Well, I’ll tell you. Now this is based solely on my personal experience, from 15 years working in newspapers and magazines in almost every capacity except for delivering the damn things. Furthermore, I’ve got an actual, bonafide degree in journalism that I earned back in 1997 from the University of Florida, and even though it’s been longer than I’d like to admit, it’s still good. On top of all that, I’ve got a life-long fascination with the News, not just as a source for information but also how it develops and grows and changes with the society it seeks to serve.
So, Matt (I hear you exclaim with some irritation) who do you trust?
Nobody. Trust nobody but yourself and your own skills and wisdom to suss out the facts of the matter. Not the truth; the truth is subjective and ephemeral. With that in mind, if someone tells you they’re giving only “the facts”, don’t trust them, neither. With the onset of social media, it’s gotten so that anyone who claims to have “the facts” and the facts alone – especially in they throw in horseshit about “logic” and “no emotion” – is probably blowing so much smoke up their own ass they shouldn’t be allowed to drive.
Okay, so how do you get to the point where a sharp thinker can pull the wheat from the shaft in this never-ending cacophony of information we have blasted at us and vying for our attention (and ad money)? Well… that I don’t know if I can tell you exactly how to do that or even if I’m qualified to do so. Hopefully, though, I can help you get started.
For what it’s worth, there are only two books I’d recommend as essential for forming a well-developed ear for good news. The first is Manufacturing Consent: The Political Economy of the Mass Media by Edward Herman and Noam Chomsky. This is a pretty good introduction to how the underlying economics of publishing warps the news; that is, who’s paying to keep the lights on has a say in what the news says, and you’re a naive fool if you think otherwise. A quick, easy read, the book is a little old but unfortunately still relevant in today’s media atmosphere.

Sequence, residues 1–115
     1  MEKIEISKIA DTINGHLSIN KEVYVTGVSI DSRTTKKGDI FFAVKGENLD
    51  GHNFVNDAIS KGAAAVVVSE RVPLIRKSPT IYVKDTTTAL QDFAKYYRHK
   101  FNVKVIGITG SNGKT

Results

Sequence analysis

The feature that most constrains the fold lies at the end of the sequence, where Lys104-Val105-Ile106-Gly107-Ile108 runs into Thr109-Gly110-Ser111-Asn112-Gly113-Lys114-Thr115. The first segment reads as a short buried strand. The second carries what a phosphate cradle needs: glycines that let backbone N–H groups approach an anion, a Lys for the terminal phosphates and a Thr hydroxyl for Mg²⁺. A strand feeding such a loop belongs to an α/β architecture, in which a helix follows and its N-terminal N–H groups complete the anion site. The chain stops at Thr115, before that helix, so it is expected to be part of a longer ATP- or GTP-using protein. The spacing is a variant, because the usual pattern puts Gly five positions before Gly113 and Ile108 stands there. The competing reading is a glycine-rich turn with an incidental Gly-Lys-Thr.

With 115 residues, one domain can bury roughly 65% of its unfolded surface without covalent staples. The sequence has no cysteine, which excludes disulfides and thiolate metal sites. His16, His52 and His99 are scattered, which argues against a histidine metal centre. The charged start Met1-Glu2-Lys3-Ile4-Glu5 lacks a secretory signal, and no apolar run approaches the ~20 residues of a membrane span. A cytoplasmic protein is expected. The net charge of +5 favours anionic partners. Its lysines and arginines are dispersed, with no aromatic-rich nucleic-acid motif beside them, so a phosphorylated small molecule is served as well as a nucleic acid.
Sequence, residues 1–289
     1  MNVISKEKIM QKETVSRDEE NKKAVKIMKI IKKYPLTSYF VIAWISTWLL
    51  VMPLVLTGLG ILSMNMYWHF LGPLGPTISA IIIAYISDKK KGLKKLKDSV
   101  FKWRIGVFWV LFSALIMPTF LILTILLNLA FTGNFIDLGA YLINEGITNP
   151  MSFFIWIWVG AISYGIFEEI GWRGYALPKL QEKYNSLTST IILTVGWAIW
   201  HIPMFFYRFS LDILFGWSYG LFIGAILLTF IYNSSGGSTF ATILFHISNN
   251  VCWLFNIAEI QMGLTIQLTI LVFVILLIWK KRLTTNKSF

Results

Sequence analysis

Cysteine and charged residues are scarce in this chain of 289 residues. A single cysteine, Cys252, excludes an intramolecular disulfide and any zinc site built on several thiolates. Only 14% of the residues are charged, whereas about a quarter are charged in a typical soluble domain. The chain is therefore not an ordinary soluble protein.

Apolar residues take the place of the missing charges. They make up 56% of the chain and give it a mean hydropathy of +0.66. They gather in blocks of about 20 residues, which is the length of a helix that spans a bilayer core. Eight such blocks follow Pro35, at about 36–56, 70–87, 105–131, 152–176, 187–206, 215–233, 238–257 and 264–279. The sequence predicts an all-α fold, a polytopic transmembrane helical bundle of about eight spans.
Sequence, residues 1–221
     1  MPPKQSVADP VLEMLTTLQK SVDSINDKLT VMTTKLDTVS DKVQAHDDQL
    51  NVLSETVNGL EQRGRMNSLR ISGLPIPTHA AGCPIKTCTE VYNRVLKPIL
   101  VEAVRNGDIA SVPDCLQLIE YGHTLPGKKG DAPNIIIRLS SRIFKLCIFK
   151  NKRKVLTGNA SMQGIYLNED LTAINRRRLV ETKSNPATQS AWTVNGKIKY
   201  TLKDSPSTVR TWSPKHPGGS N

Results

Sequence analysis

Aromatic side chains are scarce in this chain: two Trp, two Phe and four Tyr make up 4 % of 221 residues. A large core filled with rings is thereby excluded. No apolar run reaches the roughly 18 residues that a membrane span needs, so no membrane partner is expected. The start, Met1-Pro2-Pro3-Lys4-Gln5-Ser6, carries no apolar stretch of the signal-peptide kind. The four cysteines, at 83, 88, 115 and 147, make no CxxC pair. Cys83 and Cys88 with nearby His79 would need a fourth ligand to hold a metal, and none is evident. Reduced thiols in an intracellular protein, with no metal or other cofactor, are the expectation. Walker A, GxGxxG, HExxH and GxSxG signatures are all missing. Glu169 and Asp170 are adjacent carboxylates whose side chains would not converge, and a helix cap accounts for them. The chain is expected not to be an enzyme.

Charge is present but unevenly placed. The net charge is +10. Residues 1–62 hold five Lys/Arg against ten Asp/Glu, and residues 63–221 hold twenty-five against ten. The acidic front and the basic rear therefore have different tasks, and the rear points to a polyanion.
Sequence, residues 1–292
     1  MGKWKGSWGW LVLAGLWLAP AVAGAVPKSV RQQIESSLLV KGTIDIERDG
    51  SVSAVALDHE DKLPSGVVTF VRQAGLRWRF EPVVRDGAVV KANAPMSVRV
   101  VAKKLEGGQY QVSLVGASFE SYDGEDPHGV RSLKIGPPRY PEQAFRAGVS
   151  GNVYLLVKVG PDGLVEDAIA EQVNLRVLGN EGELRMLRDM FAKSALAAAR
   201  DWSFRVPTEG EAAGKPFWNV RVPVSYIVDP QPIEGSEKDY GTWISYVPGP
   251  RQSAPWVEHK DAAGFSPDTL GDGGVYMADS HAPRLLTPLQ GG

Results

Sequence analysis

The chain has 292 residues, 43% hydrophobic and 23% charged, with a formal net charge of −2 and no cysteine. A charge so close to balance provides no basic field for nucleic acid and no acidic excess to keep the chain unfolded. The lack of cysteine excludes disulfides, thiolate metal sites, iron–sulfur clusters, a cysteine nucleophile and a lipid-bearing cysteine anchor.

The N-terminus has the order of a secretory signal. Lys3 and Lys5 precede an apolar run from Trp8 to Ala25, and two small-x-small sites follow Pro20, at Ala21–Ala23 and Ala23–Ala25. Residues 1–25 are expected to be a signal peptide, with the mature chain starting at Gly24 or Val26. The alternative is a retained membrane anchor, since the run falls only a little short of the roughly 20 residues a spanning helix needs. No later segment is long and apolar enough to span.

The second book I’d recommend isn’t a book on journalism but it’s still an excellent manual on thinking critically. The late Carl Sagan’s The Demon-Haunted World: Science As A Candle In The Dark is a wonderfully enjoyable book that helps the reader develop their own “baloney detection device”, which is useful not only for pulling actual science out of the horde of nonsense, but also works as a good primer on using logic and the very reason we’re born with the navigate a confusing world full of bullshitters who’re looking to fleece you for everything you got.
The other thing I’d recommend familiarizing myself with is this short piece by WNYC Studio’s On The Media program, The Breaking News Consumer’s Handbook. What with Twitter and all, keeping up with how fast the news comes at you is almost a branch of quantum physics and I do think the media sources themselves, in a rush to get there the “firstest with the mostest”, don’t always do the job they should. It helps to slow down, maybe stop, and think before you go spouting off whatever nonsense comes to mind.
Another thing to keep in mind is that the quality of a media source is always in flux. What with them no longer having an ombudsmen, the NYT’s opinion page isn’t worth paying attention while FOX’s once-serviceable straight news efforts are sad jokes. Finally, never, ever think the people running these papers or television stations care a tinker’s damn about anything other than making as much money as possible. Since the early ’90s – or at least since Reagan killed the Fairness Doctrine – news outlets of all sizes across the country have fallen prey to hedge fund groups and media conglomerations.
Don’t trust the rich man to do right by you. You’re just the help and you are replaceable.
So, trust yourselves and no one else when you read the news, friends and neighbors. Our society has pounded into our heads that we must put our faith in something bigger than us, but at the end of the day, all you can really count on is what your own reason tells you. It’s not easy and it’ll piss some folks off, but it is worth it.
Okay. That’s enough I think. The weather’s calling for sun and warmth tomorrow as we all pick up from today’s blow. That’s good enough for me. Adios.